Modeling the consequences of Antarctic krill harvesting on Antarctic fur seals

admin zcpmw , , , , , , , , , , , , , ,

first_imgIn terms of the convention governing the Commission for the Conservation of Antarctic Marine Living Resources (CCAMLR), management advice for the Antarctic krill (Euphausia superba) fishery should take the needs of the predators of krill into account in order to reduce the risk of deleterious impacts on such predators (e.g., baleen whales and numerous fish, seal, penguin, and flying bird species). A single species yield model is currently being used by the CCAMLR Scientific Committee to recommend an annual krill catch limit, which is expressed as a proportion (γ = 0.116) of a survey biomass estimate. This approach takes the needs of predators into account in only a crude way by assuming that a median krill escapement of 75% of its unexploited biomass would be sufficient to meet the needs of predators. A krill–predator modeling procedure is presented that could be used to directly assess the impact of krill harvesting on krill predator populations and therefore to revise this recommended harvesting level (γ) for Antarctic krill. Application of a deterministic form of this model to an Antarctic fur seal (Arctocephalus gazella) data set from Bird Island, South Georgia, Antarctica, indicates that the level of krill fishing intensity (γ) that would reduce this population to half the equilibrium size in the absence of krill fishing (γhalf) lies between 0.03 and 0.18, which includes the level recommended by CCAMLR. This large range results primarily from the sensitivity of the model to the maximum growth rate parameter, for which a range of 5–15%/yr is investigated. A plausible range of values for this parameter (5–15%/yr) results in estimated γhalf values from 0.04 to 0.23. Stochastic calculations (which take account of interannual fluctuations in the abundance of the krill population due to recruitment variability) yield higher estimated γhalf values than the less realistic deterministic calculations. However, simulation tests indicate that the estimated γhalf values are biased upward; this modeling approach is therefore likely to yield γhalf values that would lead to a depletion of the Antarctic fur seal population to more than half its pristine size.last_img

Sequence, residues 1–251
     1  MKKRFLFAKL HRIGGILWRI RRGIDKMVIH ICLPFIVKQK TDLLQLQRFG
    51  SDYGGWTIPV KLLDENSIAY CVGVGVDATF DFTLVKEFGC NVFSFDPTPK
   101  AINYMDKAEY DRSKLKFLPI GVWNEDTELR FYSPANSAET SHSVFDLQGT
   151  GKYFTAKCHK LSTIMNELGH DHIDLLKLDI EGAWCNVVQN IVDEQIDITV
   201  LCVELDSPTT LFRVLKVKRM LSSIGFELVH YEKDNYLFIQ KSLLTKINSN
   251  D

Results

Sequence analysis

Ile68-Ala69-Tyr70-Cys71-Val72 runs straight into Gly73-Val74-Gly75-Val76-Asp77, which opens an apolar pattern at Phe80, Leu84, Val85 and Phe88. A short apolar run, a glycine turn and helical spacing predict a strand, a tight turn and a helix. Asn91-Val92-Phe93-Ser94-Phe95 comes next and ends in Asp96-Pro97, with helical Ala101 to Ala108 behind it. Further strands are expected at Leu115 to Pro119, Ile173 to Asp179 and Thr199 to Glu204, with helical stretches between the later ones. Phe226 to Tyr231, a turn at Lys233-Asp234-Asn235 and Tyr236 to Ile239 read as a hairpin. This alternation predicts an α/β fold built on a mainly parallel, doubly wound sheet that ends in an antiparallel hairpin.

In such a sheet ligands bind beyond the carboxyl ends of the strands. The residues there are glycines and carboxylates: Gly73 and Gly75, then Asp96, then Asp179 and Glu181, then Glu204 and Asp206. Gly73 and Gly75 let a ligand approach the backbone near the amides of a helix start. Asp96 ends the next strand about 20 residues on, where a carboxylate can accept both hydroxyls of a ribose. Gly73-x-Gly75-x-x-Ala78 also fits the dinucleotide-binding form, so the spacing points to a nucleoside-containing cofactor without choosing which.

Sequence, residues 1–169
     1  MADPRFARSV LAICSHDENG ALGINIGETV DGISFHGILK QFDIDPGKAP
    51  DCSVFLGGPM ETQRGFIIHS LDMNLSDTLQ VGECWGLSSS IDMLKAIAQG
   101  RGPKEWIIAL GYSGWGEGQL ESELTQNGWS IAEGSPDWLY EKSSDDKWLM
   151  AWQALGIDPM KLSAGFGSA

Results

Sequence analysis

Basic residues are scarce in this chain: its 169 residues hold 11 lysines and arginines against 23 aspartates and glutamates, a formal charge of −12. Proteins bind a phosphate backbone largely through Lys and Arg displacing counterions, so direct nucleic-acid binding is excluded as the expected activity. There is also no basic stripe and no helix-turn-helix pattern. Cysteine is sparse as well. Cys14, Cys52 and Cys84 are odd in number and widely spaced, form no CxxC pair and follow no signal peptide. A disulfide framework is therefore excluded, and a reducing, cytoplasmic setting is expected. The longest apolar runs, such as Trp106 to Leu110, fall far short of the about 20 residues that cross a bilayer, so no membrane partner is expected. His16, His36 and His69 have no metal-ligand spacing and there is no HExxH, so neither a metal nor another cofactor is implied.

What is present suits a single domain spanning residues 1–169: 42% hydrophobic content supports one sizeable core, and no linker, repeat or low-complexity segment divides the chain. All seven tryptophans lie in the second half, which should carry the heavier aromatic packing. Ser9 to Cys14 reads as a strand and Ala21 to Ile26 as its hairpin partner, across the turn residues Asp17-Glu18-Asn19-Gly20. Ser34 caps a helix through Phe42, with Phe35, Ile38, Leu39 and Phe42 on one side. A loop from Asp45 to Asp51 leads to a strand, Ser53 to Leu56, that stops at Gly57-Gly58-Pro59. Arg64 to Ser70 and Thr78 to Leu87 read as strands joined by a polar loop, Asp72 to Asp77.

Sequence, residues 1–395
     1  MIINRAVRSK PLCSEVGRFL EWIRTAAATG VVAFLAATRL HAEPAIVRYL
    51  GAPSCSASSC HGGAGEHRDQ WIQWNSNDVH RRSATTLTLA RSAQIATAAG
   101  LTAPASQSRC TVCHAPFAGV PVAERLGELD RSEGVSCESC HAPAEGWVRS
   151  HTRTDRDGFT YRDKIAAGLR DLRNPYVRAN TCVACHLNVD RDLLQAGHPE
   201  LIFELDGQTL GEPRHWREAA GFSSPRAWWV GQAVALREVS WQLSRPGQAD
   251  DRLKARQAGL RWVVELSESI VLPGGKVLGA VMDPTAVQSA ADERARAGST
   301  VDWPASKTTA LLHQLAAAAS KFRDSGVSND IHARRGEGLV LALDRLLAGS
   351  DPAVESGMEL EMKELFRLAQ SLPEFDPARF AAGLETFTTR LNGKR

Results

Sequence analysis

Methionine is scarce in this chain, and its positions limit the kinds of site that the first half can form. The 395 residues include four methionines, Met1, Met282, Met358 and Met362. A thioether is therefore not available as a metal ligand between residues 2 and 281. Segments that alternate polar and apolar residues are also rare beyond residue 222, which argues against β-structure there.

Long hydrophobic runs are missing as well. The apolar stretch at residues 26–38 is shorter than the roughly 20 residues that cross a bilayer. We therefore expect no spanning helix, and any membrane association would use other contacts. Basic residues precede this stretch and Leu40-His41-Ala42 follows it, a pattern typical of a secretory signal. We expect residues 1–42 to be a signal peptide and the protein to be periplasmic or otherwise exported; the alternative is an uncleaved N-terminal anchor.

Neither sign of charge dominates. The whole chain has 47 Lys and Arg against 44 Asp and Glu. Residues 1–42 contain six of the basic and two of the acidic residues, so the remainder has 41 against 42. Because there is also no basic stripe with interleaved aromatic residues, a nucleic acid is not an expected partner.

You May Also Like..

Design your own Comic Relief Red Nose

first_img Howard Lake | 2 October 2017 | News WATCH: The history of the red nosesHow well do you remember all the many red nose designs for Red Nose Day?[youtube][/youtube]  422 total views,  2 views today AddThis Sharing ButtonsShare to TwitterTwitterShare to FacebookFacebookShare to LinkedInLinkedInShare to EmailEmailShare to WhatsAppWhatsAppShare to MessengerMessengerShare to MoreAddThis8 AddThis Sharing ButtonsShare to TwitterTwitterShare to FacebookFacebookShare to LinkedInLinkedInShare to EmailEmailShare to WhatsAppWhatsAppShare to MessengerMessengerShare to MoreAddThis8 For the first time Comic Relief is inviting ideas for new designs for their fundraising icon, the Red Nose. School children across the UK are being encouraged to design next year’s Red Nose for Comic Relief’s 2019 Red Nose Day in March.One pupil’s design will be selected as the winner and go on sale in Sainsbury’s and Oxfam shops across the country. Five runners-up will also have their nose designs 3D printed.Magical landThe theme for the character to be designed is ‘magical land’. Designs have to be submitted on the official template and they have to be original, and to appeal to a wide audience “but especially children and young people”.The nose designs must use only red, white, silver or gold as the main Nose colour, although black and white can be used for detail.The closing date for entries to The Red Nose Design Challenge is 8 December 2017 at 5pm. There is a maximum number of seven entries per school. About Howard Lake Howard Lake is a digital fundraising entrepreneur. Publisher of UK Fundraising, the world’s first web resource for professional fundraisers, since 1994. Trainer and consultant in digital fundraising. Founder of Fundraising Camp and co-founder of Researching massive growth in giving.center_img Design your own Comic Relief Red Nose Tagged with: Comic Relief Red Nose Day Advertisement  421 total views,  1 views todaylast_img